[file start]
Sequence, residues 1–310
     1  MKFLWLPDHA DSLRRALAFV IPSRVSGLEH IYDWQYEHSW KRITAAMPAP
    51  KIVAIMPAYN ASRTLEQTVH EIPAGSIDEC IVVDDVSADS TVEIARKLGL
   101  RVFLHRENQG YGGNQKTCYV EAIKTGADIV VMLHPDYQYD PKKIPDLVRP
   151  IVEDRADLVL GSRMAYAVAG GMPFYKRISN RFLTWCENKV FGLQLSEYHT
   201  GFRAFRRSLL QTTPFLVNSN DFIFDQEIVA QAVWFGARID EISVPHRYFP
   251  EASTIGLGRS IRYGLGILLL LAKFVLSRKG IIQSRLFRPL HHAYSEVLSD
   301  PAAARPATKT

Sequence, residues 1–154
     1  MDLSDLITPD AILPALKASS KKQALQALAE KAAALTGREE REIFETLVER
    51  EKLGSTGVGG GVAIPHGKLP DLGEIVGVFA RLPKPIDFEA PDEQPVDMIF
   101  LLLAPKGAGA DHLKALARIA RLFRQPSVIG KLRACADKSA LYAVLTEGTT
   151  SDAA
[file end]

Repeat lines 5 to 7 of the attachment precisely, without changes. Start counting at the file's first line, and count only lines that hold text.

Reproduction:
   151  IVEDRADLVL GSRMAYAVAG GMPFYKRISN RFLTWCENKV FGLQLSEYHT
   201  GFRAFRRSLL QTTPFLVNSN DFIFDQEIVA QAVWFGARID EISVPHRYFP
   251  EASTIGLGRS IRYGLGILLL LAKFVLSRKG IIQSRLFRPL HHAYSEVLSD